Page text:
Is the public health agency model the only response to the COVID-19 pandemic we can mount? The way it has been applied is a top down, one size fits all approach that comes with the enormous cost in lives and livelihoods of shuttering the economy. Add to that the less obvious costs of despair including increased poverty, homelessness, substance abuse, suicides, domestic abuse and a learning stunted generation of school aged children. And don’t forget the effects of inequality – how is it fair that the hardest working and lowest paid (essential) workers must risk infection while those with the skills and a broadband connection can work from home? In the second and third worlds, the effects of economic dislocation are even more dire.
We can see that even with the unprecedented speed that new vaccines have been produced, they will likely be arriving too late to stop the most destructive initial waves of the pandemic and could show up about the time the virus has entered its endemic phase. We need to do better. We think we can by changing our approach. We want to do for airborne pathogens what was done in the first world a century ago for waterborne disease. We don’t want last minute heroics. We want carefully planned mitigations that prevent people from breathing the contaminated exhaled air of strangers. Imagine if we had no waste water treatment or drinking water treatment but just tried to come up with vaccines and therapies for the diseases that would invariably permeate a community without those marvels of engineering? The result would be a series of epidemics.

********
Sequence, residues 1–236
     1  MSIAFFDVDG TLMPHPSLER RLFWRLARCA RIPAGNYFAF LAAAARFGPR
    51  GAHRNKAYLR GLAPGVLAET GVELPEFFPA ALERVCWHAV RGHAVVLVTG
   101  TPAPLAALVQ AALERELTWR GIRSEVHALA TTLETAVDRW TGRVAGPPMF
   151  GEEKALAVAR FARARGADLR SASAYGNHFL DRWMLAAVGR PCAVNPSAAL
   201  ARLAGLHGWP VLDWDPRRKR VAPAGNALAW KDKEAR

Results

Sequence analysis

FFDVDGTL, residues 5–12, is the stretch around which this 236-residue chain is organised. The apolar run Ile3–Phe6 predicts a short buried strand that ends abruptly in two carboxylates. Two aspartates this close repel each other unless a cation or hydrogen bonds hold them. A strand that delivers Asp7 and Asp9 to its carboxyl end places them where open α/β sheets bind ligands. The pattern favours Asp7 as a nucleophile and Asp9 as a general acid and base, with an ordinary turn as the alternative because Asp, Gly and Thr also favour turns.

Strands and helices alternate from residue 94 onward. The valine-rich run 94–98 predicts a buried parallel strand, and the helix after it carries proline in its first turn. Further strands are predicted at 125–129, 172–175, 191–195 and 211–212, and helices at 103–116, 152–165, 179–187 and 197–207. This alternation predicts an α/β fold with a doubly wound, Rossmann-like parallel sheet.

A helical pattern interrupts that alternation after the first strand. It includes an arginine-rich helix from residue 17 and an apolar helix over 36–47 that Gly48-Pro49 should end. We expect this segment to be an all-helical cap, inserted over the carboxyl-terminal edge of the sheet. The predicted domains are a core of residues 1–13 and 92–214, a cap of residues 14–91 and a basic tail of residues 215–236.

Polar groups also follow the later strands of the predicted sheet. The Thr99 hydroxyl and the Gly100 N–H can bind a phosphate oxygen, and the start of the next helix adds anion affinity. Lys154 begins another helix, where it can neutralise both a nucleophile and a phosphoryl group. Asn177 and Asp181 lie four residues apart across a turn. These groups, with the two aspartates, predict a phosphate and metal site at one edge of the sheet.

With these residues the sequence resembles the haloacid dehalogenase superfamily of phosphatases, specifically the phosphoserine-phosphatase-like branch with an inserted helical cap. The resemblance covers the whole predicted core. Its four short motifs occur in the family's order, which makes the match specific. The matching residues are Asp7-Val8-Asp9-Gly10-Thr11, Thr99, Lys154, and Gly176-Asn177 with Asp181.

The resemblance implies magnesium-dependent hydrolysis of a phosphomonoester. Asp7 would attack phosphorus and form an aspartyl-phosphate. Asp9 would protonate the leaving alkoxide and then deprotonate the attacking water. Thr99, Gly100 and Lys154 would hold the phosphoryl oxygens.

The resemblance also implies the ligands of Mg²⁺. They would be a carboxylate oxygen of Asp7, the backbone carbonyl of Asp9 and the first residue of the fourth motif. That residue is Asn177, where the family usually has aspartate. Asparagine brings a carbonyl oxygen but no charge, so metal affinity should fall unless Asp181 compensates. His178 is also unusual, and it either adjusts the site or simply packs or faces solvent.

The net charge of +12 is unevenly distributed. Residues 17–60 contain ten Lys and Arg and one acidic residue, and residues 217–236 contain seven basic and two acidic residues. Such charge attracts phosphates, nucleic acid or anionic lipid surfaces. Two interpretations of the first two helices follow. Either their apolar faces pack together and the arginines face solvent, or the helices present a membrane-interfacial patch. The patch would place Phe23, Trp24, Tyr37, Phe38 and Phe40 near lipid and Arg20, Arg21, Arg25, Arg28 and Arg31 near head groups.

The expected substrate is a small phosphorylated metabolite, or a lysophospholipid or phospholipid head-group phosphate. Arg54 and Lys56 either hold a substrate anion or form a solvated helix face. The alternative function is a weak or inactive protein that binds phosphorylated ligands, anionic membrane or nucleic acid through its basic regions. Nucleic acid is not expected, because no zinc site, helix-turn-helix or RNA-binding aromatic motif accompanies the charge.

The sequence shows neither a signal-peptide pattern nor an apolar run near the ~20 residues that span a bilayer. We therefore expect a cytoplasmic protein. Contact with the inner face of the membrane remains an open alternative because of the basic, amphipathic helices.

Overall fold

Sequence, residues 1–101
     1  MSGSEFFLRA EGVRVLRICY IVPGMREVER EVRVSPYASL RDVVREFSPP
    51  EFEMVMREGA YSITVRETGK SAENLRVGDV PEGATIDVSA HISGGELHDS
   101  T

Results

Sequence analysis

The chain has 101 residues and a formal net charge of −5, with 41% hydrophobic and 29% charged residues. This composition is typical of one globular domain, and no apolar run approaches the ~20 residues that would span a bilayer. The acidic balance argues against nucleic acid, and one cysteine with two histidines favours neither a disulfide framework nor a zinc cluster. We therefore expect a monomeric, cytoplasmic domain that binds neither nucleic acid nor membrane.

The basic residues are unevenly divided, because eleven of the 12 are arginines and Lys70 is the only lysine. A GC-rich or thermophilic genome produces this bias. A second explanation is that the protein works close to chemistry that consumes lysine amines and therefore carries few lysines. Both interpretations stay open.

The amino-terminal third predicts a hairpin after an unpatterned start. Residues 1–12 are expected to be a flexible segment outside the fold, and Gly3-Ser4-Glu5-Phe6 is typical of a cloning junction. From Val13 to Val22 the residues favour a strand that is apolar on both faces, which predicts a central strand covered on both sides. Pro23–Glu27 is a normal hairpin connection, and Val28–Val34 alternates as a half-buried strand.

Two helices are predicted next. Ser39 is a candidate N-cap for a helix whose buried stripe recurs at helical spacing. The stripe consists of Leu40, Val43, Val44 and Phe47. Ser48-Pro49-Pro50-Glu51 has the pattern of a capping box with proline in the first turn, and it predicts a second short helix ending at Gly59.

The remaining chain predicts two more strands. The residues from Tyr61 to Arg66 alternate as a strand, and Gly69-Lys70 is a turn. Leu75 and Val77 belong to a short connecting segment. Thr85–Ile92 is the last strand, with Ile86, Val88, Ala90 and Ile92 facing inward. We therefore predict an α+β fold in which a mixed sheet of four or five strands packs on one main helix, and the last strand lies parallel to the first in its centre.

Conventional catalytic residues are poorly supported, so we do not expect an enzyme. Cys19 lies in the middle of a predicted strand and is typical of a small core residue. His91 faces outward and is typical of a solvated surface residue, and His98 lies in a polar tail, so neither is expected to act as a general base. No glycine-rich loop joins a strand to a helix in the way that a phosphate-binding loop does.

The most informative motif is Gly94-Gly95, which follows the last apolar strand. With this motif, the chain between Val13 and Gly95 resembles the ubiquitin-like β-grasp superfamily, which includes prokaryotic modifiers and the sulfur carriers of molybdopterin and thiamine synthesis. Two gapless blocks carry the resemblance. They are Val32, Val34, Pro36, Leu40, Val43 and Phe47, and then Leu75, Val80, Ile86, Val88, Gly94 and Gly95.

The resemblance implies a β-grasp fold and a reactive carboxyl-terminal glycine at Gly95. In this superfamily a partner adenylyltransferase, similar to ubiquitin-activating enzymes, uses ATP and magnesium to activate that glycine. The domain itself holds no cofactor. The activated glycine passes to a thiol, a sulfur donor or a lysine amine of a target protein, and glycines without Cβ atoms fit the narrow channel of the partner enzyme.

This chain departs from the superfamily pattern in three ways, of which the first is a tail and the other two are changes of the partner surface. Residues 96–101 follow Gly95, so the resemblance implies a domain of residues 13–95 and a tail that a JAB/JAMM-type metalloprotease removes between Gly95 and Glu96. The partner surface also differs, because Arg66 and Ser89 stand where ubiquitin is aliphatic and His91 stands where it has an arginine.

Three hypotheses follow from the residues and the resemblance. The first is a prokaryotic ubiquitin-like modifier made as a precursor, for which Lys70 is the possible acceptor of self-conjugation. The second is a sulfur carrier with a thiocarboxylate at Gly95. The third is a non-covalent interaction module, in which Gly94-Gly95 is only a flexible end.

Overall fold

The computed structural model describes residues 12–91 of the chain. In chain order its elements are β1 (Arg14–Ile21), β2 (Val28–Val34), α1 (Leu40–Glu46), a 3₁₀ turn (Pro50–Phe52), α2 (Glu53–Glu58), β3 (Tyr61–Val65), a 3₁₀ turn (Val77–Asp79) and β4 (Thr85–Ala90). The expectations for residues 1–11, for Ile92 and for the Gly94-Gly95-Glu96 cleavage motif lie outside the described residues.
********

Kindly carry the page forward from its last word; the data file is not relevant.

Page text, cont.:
Consider that in the United States, the country with the greatest financial and technical resources in the world, our most effective weapon against COVID-19 is seemingly a flimsy face mask that costs a few dollars. To borrow a cliché, we are bringing a knife to a gunfight. All along, we have been ignoring other technical measures offered by the engineering community that are readily available and cost effective. And, most important, these measures do not rely on public behavior modification. They operate in the background. These measures stop the disease before it becomes pandemic.